[cap-talk] More Heresey: ACLs not inherently bad
kpreid at mac.com
Sat Sep 20 05:37:37 CDT 2008
On Sep 19, 2008, at 12:55, Jonathan S. Shapiro wrote:
> On Fri, 2008-09-19 at 15:54 +0000, Karp, Alan H wrote:
>> Shap wrote:
>>> However, I think your proposal extends to this fine, with only one
>>> challenge: how to ensure in a non-persistent cap system that only
>>> SCM program has write access to the tree? I don't think this
>>> without something ACL-like.
>> Sorry to be dense, but I don't see why the persistence of the
>> permission state of the SCM is special?
> System restarts. Bob goes to check something in to the SCM tree. Bob
> kicks off a copy of the SCM agent. SCM agent needs access to the tree
> that Bob does not have. This access must be granted by some
> On what basis does SCM gain access to that capability which Bob does
> Offhand, I cannot think of a scheme that is not identity based.
I agree with those who have said that this seems to be entirely
orthogonal to the rest of your problem. That said, here's my solution:
I assume that while the system under consideration is not orthogonally
persistent, it has a file system. That file system is itself
persistent, and the SCM tree is a thing in the file system; therefore,
store the authorization in the file system, as so:
Bob's access to the SCM tree consists of an item (cap) in his
directory. That item is basically a *closure*; it contains references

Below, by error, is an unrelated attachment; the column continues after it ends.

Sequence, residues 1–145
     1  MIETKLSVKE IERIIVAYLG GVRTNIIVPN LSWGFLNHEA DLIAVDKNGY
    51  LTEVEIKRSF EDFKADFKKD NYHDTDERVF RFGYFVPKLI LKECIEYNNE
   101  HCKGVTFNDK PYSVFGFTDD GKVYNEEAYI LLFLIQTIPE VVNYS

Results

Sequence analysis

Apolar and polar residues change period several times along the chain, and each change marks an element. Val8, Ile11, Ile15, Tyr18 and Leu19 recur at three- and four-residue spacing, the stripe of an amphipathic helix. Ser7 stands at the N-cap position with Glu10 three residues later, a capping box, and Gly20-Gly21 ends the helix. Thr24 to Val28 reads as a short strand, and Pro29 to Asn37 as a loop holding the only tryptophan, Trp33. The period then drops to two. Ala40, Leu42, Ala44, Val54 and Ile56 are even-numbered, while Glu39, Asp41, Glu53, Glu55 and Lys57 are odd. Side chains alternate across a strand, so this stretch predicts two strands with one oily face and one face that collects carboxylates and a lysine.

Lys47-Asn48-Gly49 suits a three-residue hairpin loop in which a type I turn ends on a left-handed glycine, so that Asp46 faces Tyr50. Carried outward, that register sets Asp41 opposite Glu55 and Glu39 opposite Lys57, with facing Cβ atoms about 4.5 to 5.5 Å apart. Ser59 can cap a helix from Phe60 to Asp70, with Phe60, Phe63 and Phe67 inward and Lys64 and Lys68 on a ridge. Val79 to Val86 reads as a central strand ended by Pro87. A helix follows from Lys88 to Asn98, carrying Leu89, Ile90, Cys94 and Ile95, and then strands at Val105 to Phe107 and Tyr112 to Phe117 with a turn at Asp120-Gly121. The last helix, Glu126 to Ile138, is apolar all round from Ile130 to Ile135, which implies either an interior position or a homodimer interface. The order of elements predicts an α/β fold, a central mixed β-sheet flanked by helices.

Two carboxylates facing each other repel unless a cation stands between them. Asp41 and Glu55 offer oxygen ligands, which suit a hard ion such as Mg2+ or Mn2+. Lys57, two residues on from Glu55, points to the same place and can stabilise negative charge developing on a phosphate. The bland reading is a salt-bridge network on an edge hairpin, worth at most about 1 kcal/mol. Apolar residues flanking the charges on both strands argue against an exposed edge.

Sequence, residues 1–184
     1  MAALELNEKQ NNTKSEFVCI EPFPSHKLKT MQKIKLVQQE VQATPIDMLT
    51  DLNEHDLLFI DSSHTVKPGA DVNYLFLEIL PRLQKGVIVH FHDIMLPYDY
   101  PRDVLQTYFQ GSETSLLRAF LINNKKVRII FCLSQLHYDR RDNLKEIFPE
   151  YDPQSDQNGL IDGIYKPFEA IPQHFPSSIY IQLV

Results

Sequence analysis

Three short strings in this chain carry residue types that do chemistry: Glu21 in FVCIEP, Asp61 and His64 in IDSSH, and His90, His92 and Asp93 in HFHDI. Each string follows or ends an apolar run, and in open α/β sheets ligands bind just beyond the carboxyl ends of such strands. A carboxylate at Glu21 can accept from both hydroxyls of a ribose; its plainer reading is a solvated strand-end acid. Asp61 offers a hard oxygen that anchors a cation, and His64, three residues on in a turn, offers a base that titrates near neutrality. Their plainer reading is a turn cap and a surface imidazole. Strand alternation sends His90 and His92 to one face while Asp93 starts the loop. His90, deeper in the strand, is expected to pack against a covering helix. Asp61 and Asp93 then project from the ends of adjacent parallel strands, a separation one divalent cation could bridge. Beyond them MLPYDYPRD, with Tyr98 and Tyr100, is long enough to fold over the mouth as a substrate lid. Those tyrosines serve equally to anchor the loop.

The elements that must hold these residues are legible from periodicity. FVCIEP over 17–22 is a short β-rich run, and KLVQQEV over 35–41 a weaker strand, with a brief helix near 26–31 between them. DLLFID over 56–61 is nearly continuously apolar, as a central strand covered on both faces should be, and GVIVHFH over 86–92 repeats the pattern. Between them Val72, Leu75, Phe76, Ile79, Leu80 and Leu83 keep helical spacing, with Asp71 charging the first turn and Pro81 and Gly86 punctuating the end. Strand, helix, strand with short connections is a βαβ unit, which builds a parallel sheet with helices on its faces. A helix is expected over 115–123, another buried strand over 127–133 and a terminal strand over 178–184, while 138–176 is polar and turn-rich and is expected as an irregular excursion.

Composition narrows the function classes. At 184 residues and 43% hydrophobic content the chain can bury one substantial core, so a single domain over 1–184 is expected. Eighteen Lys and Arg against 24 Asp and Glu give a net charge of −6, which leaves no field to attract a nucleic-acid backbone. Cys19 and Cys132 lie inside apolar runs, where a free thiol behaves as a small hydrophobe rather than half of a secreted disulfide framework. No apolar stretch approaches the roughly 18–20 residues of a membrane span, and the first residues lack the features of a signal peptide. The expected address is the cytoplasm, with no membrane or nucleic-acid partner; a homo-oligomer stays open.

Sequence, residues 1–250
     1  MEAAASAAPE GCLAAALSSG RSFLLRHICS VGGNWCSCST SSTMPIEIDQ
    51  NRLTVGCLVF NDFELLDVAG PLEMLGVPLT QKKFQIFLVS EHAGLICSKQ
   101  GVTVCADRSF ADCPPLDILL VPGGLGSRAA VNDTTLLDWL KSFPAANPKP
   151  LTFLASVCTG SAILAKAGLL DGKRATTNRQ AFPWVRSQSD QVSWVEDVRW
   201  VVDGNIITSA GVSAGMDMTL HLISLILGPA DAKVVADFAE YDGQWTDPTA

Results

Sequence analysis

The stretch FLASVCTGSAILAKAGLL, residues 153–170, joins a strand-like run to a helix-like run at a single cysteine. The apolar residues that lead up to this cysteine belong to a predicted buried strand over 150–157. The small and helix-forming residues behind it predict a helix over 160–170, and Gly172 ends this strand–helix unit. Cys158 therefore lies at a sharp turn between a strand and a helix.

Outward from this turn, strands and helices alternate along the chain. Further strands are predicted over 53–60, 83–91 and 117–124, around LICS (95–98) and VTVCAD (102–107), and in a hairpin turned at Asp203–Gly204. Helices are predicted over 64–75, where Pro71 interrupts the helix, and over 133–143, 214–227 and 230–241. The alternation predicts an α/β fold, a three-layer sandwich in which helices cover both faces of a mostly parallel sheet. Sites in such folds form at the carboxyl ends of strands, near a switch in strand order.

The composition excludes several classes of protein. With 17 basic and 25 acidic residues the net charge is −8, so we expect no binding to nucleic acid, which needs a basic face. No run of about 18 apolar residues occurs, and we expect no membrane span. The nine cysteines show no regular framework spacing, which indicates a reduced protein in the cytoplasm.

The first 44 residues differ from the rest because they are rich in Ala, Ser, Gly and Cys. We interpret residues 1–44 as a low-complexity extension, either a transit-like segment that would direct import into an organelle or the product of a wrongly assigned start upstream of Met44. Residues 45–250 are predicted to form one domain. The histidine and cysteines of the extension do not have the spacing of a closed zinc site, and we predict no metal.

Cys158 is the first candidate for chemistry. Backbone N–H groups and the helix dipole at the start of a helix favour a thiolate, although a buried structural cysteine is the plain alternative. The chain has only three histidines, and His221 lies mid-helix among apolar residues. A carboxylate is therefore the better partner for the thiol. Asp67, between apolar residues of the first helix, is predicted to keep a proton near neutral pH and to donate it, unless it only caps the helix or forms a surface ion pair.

to the raw SCM tree and to the SCM agent program. Bob has an "execute
only" cap; the only important thing Bob can do with it is invoke
it, which "kicks off a copy of the SCM agent", granting it access to
the closed-over raw SCM tree.
Note that we're not letting orthogonal persistence creep in: there is
no *process* stuffed into the filesystem, just a trivial instruction
to invoke one, which in a non-capability system could just be a shell
script or some such.
(In particular, the closest Unix analogue to this is a setuid program;
the setuid bit and file owner together constitute the closed-over
The key idea here is: Even if the system is not fully persistent, the
file system is. Therefore, make the file system capable of storing
I believe this is generally applicable to the problem of recording
installation endowments for applications, as well: in this particular
case we can say we're doing a micro-installation of the SCM agent for
one particular SCM tree.
 Rather than presenting the SCM as a sort of 'executable', another
reasonable possibility is to present it as a subdirectory; in which
case this closure-in-the-filesystem is like a Unix mount point plus
userspace filesystem (but persistent).
Kevin Reid <http://homepage.mac.com/kpreid/>
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